According to an article in the October 28 Proceedings of the National Academy of Sciences (PNAS – pronounce as you see fit) by Van Le et al, primates appear to be hardwired to react quickly to snakes. Macaque monkeys raised without exposure to snakes have neurons that fire when shown snakes. The reaction does not resemble our reaction to other animals. The growth of these neurons is genetically encoded: primates don’t learn to fear snakes, they start out that way.

I have exactly zero evidence for this, but I wonder if we have a similar hardwired response to fire.

We are the only animals (so far) to partially harness the power of fire (if snakes figure out how to use fire, I quit). Early humans, certainly Homo erectus and possibly others controlled fire perhaps half a million years ago. Fire expanded the range of the human species into colder regions. It meant we could cook our food, killing off potential contaminants and making it tastier at the same time. Controlled fire transforms a cold, lifeless space into a home.

Semi-controlled fire can transform a space into a party.

No doubt this is why bonfires are burned around Guy Fawkes Night to celebrate the defeat of the Gunpowder plot. The conspirators wished to replace the protestant kind of England with a Catholic one.

In a typically perverse version of a bonfire, Texas A&M has long had an absurdly large bonfire to excite the students’ bloodlust before the football team plays the enemy: the Texas Longhorns. In 1999 twelve students died when the 59 foot high pile of logs collapsed shortly before it was burned. Although the fire no longer occurs on campus with University sanction, it happens off campus.

Probably the silliest bonfire is the burning man festival in which “the man” is burned in effigy for the 50 or 60 thousand annual attendees of the celebration of Radical Self-expression. It’s hard to imagine how “radical self-expression” doesn’t equate with jerk, but for some people it doesn’t.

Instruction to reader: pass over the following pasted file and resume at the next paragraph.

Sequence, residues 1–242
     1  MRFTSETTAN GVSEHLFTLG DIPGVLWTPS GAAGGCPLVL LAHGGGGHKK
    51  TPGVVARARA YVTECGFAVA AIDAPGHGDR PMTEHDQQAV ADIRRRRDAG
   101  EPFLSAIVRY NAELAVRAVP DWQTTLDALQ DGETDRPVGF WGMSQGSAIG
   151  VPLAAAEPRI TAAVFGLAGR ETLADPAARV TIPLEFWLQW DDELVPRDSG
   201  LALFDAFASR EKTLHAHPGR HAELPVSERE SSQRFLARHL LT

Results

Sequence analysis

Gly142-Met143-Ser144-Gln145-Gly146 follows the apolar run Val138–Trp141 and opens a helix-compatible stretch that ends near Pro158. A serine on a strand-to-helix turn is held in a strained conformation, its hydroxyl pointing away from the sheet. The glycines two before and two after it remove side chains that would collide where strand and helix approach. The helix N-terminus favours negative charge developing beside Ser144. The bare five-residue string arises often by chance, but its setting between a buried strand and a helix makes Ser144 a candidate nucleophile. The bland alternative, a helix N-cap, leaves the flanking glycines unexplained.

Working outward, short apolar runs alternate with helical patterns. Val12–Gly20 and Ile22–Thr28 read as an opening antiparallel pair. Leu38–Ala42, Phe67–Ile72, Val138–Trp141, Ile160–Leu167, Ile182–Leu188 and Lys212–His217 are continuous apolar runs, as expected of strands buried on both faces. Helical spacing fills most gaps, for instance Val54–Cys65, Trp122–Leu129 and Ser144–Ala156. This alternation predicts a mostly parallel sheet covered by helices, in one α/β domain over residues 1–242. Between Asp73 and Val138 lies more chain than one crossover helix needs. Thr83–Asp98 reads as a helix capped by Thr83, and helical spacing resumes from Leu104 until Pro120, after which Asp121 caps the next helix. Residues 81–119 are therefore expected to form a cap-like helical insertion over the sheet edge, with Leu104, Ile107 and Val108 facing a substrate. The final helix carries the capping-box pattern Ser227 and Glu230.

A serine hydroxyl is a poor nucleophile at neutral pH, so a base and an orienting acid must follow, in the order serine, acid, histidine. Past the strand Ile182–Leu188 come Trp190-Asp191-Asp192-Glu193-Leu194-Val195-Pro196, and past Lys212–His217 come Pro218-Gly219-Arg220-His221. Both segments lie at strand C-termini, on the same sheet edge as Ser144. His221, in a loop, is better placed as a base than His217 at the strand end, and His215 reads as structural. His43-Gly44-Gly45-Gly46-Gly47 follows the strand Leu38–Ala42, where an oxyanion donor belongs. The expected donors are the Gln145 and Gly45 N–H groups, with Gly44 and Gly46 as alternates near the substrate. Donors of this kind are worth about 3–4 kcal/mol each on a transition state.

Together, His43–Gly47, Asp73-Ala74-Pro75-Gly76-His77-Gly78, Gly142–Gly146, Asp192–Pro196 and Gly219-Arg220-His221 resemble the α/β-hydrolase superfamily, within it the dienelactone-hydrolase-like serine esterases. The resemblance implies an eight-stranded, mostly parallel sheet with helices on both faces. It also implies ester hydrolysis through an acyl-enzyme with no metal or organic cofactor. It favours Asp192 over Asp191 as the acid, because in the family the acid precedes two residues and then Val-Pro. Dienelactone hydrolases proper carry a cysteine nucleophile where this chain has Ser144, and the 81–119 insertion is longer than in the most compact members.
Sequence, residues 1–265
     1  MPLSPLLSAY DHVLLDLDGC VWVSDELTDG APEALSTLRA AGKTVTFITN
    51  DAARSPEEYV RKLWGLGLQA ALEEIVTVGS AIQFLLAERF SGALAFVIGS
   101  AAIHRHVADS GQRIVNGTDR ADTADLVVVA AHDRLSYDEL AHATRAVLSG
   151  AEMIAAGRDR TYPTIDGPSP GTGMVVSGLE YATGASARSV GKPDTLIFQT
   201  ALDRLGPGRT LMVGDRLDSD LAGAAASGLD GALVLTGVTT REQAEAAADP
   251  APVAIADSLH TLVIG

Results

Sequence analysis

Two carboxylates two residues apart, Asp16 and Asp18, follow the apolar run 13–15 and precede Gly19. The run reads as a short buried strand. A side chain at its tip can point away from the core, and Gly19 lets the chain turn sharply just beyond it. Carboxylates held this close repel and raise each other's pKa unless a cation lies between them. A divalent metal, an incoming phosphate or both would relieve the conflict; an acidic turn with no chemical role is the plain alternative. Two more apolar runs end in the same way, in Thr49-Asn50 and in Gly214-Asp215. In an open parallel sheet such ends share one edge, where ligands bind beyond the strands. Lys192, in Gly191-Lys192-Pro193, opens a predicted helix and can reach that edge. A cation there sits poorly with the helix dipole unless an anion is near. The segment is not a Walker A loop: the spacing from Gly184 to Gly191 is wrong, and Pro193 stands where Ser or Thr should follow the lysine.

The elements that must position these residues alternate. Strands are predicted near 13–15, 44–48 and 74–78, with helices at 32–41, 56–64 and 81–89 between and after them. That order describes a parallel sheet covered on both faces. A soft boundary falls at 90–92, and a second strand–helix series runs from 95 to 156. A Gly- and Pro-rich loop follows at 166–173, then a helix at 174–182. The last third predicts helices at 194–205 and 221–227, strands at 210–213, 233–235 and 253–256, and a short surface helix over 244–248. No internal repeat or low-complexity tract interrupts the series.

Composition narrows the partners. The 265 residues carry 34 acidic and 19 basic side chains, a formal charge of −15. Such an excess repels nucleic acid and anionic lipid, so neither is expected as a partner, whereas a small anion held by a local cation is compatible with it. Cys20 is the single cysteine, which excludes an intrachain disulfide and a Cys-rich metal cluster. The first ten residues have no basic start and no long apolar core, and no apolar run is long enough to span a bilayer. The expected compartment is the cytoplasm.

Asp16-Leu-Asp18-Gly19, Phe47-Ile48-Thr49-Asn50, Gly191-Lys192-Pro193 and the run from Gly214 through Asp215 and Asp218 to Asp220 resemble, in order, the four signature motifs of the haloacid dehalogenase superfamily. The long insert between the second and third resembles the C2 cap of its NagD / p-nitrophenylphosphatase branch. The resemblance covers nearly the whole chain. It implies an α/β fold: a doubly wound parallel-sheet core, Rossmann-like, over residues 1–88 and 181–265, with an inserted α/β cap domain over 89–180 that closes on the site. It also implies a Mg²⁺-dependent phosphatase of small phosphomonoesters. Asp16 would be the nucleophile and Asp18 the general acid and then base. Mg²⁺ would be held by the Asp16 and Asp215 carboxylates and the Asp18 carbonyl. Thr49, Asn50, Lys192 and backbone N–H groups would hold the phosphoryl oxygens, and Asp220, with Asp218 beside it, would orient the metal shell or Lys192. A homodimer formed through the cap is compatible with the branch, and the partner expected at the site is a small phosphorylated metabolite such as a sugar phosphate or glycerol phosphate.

My family now also has a yearly bonfire. My father clears a lot of brush during the year. He and my mother are maintaining a meadow around their house in New Hampshire. It gives them lots of blueberries and wildlife habitat. This means culling trees. Of course you could let fungus do the work of rotting the piles down. It would take decades, but the carbon dioxide would still return to the atmosphere. Meanwhile brush piles represent a fire risk in the summer. Uncontrolled fire doesn’t mean party, it means fear.

So we have a bonfire despite the environmental consequences (CO2 release, fine particulate matter that can irritate the lungs etc.). This year we added a twist, the eldest grandson got to add last year’s Christmas tree to the pile. Unlike some bonfires, we didn’t build a huge edifice then stand around to watch it burn. My father built a small stack. Once this was lit, we began adding the brush to the pile. A summer and fall’s worth of brush clearing disappeared in six or seven hours, but it was still hot the next day. As soon as it got to burning, my brother got thirsty and fetched some beer. Normally one in the afternoon wouldn’t suggest beer, but some basal brain function looked at the fire and thought “party.”

Author: Caleb Rounds

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